“PITY the Republicans. No sooner had America’s jobs figures become rosy enough to brag about in campaign ads, than the pesky statistics stopped playing ball. According to numbers released on July 2nd, only 112,000 new non-farm jobs were created in June, far fewer than in each of the previous three months and less than half what analysts were expecting. After rising for four months, jobs in the politically sensitive manufacturing sector fell. The average work-week shortened and the unemployment rate is stuck at 5.6%. ”
    “the number-crunchers also revised down the jobs figures for April and May a bit. And other evidence suggests America’s economy may be cooling somewhat. Durable goods orders (admittedly yet another highly volatile indicator) fell in May for the second consecutive month. Vehicles sales were decidedly lame in June. Measured at an annual rate, only 15.4m light vehicles were sold in June, a sharp fall from the 17.8m rate in May. And, perhaps most significant, several big chain stores, including Target and Wal-Mart, warned that June would be weak.”
    “It is not all bad. For instance, consumer confidence looks robust (the Conference Board’s index rose to 101.9 in June, its highest level in two years). But for Mr Bush, even conflicting signals look dangerous. For the past few months, his campaign has been frustrated by how little his poll ratings have benefited from a string of uniformly rosy economic statistics. If the economic numbers are less rosy, then the poll numbers could yet go down.”

  2. Fred Vincy on

    Marcus’ observation about the National Review is interesting, because Fox did try to spin it. The bottom-of-screen headline I saw was “Bush Was Right!” That’s pretty bad even for those guys. They must be getting nervous.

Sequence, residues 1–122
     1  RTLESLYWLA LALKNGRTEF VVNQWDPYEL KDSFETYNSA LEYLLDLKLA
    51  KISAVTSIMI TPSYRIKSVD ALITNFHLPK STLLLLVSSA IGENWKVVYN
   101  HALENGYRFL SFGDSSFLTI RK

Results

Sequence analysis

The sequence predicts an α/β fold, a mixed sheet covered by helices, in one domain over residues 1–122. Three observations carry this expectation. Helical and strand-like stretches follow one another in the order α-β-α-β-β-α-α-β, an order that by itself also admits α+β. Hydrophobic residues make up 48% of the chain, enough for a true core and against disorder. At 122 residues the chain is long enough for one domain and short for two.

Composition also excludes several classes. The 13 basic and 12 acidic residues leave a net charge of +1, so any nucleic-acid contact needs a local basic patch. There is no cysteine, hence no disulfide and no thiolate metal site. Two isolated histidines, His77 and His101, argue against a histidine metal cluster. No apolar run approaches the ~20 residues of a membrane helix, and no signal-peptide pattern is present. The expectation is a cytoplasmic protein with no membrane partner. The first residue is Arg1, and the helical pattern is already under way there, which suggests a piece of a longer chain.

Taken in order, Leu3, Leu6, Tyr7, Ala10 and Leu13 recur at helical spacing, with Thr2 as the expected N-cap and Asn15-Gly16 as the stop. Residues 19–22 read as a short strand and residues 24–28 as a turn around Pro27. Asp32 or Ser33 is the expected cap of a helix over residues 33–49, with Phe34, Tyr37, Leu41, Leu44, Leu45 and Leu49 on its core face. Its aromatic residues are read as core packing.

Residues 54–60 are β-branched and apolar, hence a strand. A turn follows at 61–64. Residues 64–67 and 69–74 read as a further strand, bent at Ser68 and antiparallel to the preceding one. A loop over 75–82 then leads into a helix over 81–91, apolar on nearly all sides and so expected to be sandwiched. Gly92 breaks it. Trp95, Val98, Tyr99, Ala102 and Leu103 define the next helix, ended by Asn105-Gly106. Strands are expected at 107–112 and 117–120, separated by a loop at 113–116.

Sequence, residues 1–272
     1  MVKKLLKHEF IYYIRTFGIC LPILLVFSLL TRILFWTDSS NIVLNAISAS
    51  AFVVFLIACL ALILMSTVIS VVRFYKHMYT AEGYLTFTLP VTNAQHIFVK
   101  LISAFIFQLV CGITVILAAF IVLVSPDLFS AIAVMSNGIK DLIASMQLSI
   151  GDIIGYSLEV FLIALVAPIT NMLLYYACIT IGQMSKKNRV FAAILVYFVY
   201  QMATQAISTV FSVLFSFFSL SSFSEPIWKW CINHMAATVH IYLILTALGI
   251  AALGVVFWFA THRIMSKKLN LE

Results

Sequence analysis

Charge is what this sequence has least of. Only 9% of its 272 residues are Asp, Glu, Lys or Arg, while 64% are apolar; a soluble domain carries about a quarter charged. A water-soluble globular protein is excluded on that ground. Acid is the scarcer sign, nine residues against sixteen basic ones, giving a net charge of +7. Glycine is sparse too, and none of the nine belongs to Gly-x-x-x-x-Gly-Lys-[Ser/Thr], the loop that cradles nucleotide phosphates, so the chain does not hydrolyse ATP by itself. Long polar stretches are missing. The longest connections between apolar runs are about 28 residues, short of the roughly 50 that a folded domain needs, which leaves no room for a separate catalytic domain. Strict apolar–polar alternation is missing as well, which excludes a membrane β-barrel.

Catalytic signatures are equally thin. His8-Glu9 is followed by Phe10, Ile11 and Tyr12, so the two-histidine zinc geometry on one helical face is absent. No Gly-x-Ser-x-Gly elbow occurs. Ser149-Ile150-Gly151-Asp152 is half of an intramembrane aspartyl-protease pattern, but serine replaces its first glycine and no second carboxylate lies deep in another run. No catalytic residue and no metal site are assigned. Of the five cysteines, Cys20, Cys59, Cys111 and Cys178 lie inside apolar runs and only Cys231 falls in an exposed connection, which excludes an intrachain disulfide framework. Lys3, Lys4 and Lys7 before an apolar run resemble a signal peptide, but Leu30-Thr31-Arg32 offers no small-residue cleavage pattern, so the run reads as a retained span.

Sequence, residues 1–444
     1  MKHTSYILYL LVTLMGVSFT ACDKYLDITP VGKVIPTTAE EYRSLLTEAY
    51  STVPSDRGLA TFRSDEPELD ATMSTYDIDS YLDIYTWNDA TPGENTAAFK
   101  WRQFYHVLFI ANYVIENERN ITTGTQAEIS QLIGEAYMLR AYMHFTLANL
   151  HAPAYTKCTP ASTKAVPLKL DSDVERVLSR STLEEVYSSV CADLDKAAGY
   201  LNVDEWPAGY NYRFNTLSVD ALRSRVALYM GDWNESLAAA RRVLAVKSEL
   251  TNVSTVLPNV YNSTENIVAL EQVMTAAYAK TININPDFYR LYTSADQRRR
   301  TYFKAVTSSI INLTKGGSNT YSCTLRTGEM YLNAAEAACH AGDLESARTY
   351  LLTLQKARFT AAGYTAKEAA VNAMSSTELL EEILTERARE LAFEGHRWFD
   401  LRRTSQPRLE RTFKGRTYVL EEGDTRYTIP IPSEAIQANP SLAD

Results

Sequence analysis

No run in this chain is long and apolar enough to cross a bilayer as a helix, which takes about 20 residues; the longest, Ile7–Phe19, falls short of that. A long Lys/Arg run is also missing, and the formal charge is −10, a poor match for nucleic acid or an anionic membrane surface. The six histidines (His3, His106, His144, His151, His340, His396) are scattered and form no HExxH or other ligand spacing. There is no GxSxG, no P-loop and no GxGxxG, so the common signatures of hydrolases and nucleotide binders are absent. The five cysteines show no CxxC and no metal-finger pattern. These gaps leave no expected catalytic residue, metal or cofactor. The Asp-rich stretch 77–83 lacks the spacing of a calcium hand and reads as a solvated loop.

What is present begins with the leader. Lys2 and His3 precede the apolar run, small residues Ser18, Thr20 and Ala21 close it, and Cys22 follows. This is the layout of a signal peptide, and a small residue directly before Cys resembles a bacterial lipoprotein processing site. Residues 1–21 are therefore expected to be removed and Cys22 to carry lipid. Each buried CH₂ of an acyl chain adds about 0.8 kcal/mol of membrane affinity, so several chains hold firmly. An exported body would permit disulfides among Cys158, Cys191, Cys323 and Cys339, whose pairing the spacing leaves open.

3. Marcus Lindroos on

    How bad news for “Shrub” is this? So bad even the partisans at NATIONAL REVIEW didn’t try to spin the 112,000-new-jobs release. They merely noted that at least the statistics were released at a time (=Independence Day weekend) when comparatively few people pay attention. And they are grateful for that.

  4. wellbasically on

    When it comes to something like the economy, the public’s perception comes mostly from their actual experience. We shouldn’t worry about Bush and the press hyping it, and by the same token there is no point in trying to play it down.
    Kerry can win by properly explaining why the economy went into recession without blaming the American people. He can’t win by raising taxes just to end the recession. That’s BS and the smarty-pantses who think it works also drove the Democratic Party into a massive defeat in 2002. They should be banished from any position of decision-making, they should be exiled to a desert island until next February.

  5. John H. Bishop on

    I agree with Ruy’s comments.
    The bad economy is particularly visible when one compares job gains to population gains.
    1) The index of Aggregate hours worked fell by 0.6 percent. This June number implies that there has been essentially no change in aggregate hours worked by employees since March 2004 and since 2002. Aggregate hours worked in manufacturing rose only 0.2 percent since March 2004. Aggregate hours in manufacturing are still more than 5% below their level in 2002 (Table B-5).